Clinical Features and Diagnostic Criteria: acute onset adrenal
insufficiency (hyperkalemia, acidosis, hypoglycemia, shock),
cryptorchidism, delayed puberty. Carrier females: may have adrenal insufficiency or hypogonadotropic hypogonadism
1/3 contiguous gene deletion with glycerol kinase, DMD del
2/3 isolated CAH (half are de novo)
Clinical Tests: Dec Na+, Inc K+, acidosis, inc ACTH with low cortisol, dec 17 hydroxyprogesterone. If GKD: serum triglyceride, urine glycerol. If DMD: elevated CK
Molecular Tests: NROB1 FISH deletion (100%)
Disease Mechanism: OB1 is a negative regulator of nuclear receptor pathways
Treatment/Prognosis: Treat adrenal crisis, replacement steroids and stress dosing, HRT for hypogonadism
Responsible gene: CYP21A2
Protein: Cytochrome P450 XXI
Cytogenetic locus: 6p21.3
Clinical Features and Diagnostic Criteria: virilized female, precocious puberty or adrenarche, childhood virilization in males, infant with Na+ losing crisis at birth. Nonclassic form: moderate enzyme deficiency with variable postnatal virilization, no salt wasting, but rare cortisol def.
Clinical Tests: Elevated serum 17-OHD at baseline or after ACTH stim, elevated testosterone and adrenal androgen precursors in females and prepubertal males. Part of NBS (17-OHD level)
Molecular Tests: CYP21A2 common mutation and deletion panel detects 80-98%
Disease Mechanism: cortisol production pathway is blocked->
accumulation of 17-OHP->shunted into the intact androgen pathway->17,20-lyase enzyme converts the 17-OHP to -androstenedione->converted into androgens. The mineralocorticoid pathway requires minimal 21-hydroxylase activity->salt wasting
Treatment/Prognosis: Hydrocortisone (monitor closely: too little will have excess androgen, too much causes Cushing's, skeletal maturation), stress dose steroids
ANDROGEN INSENSITIVITY SYNDROME (Testicular Feminization)
Responsible gene: AR
Protein: Androgen receptor
Cytogenetic locus: Xq11-q12
Clinical Features and Diagnostic Criteria: Evidence of feminization (i.e., undermasculinization) of the ext. genitalia, abnl secondary sexual development, and infertility in those with a 46,XY karyotype. Spectrum: complete androgen insens. syndrome (CAIS), with typical female genitalia; partial androgen insens. syndrome (PAIS) with predominantly female, predominantly male, or ambiguous genitalia; and mild androgen insens. syndrome (MAIS) with nl male genitalia.
Clinical Tests: impaired spermatogenesis, absent or rudimentary müllerian structures, evidence of normal or increased synthesis of testosterone and its normal conversion to dihydrotestosterone, normal or increased LH, and deficient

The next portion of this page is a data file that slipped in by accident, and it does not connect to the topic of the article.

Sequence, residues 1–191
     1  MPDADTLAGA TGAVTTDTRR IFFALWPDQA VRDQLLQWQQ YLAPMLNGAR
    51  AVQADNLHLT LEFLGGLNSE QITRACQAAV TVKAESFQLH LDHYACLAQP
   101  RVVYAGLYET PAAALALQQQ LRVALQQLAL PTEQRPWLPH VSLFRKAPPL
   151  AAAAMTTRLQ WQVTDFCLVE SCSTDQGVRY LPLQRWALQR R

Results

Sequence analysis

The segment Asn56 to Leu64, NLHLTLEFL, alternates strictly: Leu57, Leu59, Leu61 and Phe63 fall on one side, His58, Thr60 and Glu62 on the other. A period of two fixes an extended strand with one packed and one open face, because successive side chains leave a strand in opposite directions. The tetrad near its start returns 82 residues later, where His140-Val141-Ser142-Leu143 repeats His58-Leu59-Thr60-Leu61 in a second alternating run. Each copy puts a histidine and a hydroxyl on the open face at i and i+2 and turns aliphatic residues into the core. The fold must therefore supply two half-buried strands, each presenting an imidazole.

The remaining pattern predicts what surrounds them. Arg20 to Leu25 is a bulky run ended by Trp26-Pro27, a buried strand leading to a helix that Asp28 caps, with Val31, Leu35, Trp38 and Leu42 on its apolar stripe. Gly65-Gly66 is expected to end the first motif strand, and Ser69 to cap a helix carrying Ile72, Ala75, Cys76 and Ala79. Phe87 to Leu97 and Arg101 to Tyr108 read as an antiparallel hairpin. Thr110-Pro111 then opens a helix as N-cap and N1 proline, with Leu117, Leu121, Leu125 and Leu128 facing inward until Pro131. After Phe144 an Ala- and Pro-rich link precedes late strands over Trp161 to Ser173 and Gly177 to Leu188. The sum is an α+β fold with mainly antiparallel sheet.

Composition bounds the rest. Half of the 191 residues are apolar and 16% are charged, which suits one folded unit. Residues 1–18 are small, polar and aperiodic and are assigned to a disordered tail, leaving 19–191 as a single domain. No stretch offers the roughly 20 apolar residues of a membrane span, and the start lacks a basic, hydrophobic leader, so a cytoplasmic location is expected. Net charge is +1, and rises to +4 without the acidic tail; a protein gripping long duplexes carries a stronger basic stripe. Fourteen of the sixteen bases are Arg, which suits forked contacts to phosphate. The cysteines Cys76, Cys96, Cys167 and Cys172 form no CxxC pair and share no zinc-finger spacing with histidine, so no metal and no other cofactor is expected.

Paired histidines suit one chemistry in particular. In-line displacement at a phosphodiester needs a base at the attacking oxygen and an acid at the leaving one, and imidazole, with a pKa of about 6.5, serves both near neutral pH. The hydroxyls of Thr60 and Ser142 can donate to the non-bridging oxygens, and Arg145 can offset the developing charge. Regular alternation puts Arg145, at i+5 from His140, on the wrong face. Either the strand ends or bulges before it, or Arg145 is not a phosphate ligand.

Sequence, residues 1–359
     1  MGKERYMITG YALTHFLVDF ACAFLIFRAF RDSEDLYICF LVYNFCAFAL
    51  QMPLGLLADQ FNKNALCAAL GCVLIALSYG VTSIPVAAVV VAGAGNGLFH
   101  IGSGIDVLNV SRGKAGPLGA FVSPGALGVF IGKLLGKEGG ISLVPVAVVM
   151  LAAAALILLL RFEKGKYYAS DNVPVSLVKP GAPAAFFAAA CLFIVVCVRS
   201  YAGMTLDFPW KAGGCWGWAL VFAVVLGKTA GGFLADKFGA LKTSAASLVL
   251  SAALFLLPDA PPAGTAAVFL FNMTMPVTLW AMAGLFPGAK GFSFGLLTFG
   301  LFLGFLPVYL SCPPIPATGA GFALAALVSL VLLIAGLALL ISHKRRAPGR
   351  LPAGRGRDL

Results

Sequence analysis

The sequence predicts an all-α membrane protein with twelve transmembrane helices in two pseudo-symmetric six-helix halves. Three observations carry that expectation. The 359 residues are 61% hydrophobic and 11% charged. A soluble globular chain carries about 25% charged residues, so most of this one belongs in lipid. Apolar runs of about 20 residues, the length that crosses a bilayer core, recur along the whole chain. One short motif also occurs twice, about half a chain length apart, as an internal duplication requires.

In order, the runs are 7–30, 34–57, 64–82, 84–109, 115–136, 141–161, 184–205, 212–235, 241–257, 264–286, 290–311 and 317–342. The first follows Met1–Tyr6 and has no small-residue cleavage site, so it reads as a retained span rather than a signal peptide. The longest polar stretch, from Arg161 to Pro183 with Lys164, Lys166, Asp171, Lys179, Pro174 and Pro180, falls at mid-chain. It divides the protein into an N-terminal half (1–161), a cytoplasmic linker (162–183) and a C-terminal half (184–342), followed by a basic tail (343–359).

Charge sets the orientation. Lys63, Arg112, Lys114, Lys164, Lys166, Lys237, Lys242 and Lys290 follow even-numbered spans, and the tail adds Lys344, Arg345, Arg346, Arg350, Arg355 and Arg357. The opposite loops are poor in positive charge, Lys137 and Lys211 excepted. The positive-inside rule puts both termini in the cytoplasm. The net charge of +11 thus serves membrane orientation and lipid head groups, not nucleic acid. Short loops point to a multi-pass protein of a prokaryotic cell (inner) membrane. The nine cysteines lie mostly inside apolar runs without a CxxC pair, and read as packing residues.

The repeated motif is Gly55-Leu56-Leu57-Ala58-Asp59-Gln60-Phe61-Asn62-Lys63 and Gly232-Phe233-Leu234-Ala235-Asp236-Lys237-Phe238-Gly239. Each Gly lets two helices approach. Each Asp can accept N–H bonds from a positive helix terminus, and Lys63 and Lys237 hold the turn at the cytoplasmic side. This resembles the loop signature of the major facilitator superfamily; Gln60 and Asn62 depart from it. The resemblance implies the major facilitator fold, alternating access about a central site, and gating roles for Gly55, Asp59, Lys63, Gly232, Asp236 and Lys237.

or defective androgen-binding activity of genital skin fibroblasts
Molecular Tests: AR sequence analysis (>95% CAIS, <50% PAIS, unknown %MAIS)
Disease Mechanism: Impaired androgen binding
Treatment/Prognosis: To prevent testicular malignancy, treatment of CAIS includes either removal of the testes after puberty when feminization is complete or prepubertal gonadectomy accompanied by estrogen replacement therapy.
Systematic disclosure of the diagnosis of AIS in an empathic environment
KALLMAN SYNDROME TYPE 1 and 2
Responsible genes: KAL, FGFR1
Proteins: Anosmin 1, fibroblast growth factor receptor 1
Cytogenetic loci: Xp22.3, 8p11.1-11.2
Inheritance: XLR, AD
Clinical Features and Diagnostic Criteria: Type 1and 2:
hypogonadotropic hypogonadism and anosmia. Usually present
with delayed pubertal development. Type 1 can also include mirror hand movements, ataxia, GU anomaly, high palate, pes cavus. Type 2 ID, CL/P, cryptorchidism, choanal atresia, CHD, SNHL.
Clinical Tests: Low FSH and LH; low testosterone in males; low
estradiol in females. MRI: hypo/aplasia olfactory bulbs and tracts.
Molecular Tests: Sequencing KAL (5-10%), FGFR1 (8-16%)
Disease Mechanism: Lack of anosmin stops olfactory axons from interecting with their target. It is thought that FGFR1 may play a role in olfactory bulb formation and possibly interacts with anosmin
Treatment/Prognosis: Normalize gonadal steroid levels.
Clinical Features and Diagnostic Criteria: Tall stature,
slightly delayed motor and language skills, inc learning probs,
testosterone plateaus age 14, small fibrosed testes, azoospermia and infertility, gynecomastia, inc cholesterol,
slightly inc risk of autoimmune disorders and mediastinal
germ cell tumors (1% risk)
Clinical Tests: karyotype, at least one extra chromosome
to a 46,XY Karyotype
Disease Mechanism: 1st or 2nd meiotic division
nondisjunction of either parent. Maternal>paternal origin.
Treatment/Prognosis: Testosterone in mid-late adolescence
for bone density, secondary sex characteristic development,
muscle mass, cholesterol, increase libido, improved energy.
Can do testicular biopsy and use any retrieved sperm for ICSI
(inc risk sex chrom abnormality so follow with PGD
Responsible gene: GNAS
Protein: Guanine nucleotide-binding protein G(s), alpha subunit
Cytogenetic locus: 20q13.2
Clinical Features and Diagnostic Criteria: polyostotic fibrous